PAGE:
Amarin’s Fish-Oil Pill Wins FDA Nod to Cut Heart Attack, Stroke Risk

Xconomy New York — 

A prescription pill derived from fish-oil received the regulatory nod Friday to expand its use as a supplementary treatment, alongside statins, to more patients at risk of heart attack or stroke.

The FDA approved the Amarin Pharma drug, icosapent ethyl (Vascepa), for use as a secondary treatment for adults who are taking statins and have elevated levels of triglycerides, a type of fat in the blood. Those patients must also have established heart disease or diabetes, and two or more additional heart disease risk factors.

High levels of triglycerides can contribute to an increased risk of heart attack or stroke by hardening the arteries or thickening the artery wall. Heart attack is the leading cause of death of men and women in the US; stroke ranks fifth.

Amarin (NASDAQ: AMRN) stock rose about 7 percent in after-hours trading to about $26 per share. The company is based in Bedminster, NJ, but headquartered in Ireland for tax purposes.

In 2012, Vascepa was approved for patients with very high triglyceride levels; it was Amarin’s first FDA-approved treatment. Last month an FDA advisory committee unanimously recommended the agency OK the prescription pill for use in an expanded population, those with elevated triglyceride levels. The FDA said in its announcement Friday that its decision on Vascepa makes the pill the first approved drug for reducing cardiovascular risk in patients who have these high triglyceride levels.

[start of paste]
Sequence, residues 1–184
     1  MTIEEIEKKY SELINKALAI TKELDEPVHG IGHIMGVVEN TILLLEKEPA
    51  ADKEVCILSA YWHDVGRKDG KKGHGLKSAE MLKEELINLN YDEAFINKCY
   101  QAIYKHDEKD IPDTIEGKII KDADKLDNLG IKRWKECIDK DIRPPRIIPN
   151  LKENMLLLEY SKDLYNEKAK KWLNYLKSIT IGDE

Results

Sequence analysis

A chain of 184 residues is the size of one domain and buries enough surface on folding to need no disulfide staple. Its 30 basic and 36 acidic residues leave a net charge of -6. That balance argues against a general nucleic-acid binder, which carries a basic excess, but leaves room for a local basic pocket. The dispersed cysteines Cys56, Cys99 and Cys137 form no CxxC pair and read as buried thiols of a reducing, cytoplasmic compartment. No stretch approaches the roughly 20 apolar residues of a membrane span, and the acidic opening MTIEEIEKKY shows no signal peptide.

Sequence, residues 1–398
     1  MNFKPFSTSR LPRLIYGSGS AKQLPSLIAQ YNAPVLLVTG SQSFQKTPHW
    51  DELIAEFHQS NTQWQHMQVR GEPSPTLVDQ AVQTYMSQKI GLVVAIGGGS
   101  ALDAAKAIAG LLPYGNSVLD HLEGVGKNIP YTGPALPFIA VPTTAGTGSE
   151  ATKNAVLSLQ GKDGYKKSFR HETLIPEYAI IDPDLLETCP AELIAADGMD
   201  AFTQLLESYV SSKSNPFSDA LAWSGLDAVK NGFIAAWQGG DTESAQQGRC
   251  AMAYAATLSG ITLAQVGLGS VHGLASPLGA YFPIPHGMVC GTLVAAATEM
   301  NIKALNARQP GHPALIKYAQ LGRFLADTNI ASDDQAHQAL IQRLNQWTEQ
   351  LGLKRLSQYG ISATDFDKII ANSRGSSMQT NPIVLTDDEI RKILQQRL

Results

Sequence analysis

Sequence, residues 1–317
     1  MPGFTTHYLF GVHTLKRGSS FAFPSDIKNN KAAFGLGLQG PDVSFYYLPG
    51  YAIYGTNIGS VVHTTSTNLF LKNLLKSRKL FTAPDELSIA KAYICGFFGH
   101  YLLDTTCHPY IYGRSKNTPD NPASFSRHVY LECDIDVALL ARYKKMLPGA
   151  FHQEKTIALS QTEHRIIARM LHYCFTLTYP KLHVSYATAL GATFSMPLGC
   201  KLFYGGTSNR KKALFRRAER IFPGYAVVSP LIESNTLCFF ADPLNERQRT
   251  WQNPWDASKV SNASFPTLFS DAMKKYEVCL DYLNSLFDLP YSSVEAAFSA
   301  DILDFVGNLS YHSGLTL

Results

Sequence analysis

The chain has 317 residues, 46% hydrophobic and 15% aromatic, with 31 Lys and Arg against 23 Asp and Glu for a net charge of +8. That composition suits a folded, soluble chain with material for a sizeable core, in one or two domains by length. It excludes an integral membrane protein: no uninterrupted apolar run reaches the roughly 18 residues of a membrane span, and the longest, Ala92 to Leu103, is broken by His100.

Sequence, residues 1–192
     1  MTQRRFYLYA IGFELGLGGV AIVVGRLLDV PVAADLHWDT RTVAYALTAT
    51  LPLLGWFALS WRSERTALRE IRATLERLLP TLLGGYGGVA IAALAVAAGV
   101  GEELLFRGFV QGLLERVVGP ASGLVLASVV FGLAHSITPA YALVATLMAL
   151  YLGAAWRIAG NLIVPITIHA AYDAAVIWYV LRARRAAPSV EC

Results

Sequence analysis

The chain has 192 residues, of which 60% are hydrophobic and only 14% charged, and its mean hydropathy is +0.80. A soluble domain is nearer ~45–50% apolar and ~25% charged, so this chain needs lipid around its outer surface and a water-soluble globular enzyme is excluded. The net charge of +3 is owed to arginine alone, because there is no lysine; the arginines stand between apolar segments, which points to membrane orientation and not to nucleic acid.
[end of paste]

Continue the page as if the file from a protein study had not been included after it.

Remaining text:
The active ingredient in Vascepa is eicosapentaenoic acid, an omega-3 fatty acid. Amarin doesn’t know exactly how its drug works to provide cardiovascular benefit, but in clinical trials of more than 8,000 high-risk patients, the pill reduced the likelihood of a heart attack or stroke by 25 percent.

The most common side effects were musculoskeletal pain, swelling of legs and hands, atrial fibrillation, and joint pain. Read more about the study’s results, announced last year, here.

Amarin reported total revenue in the first nine months of the year of $286.5 million, 89 percent more than in the same months the year before. Last month the company said it had doubled its number of sales representatives to 800 in anticipation of an FDA approval and subsequent launch of the drug in the expanded patient population at the start of 2020.

On Friday the company raised its revenue projection for 2020 to the range of $650 million to $700 million. It didn’t provide estimates for subsequent years, but said it anticipates the drug will earn it “multiple billions of dollars.”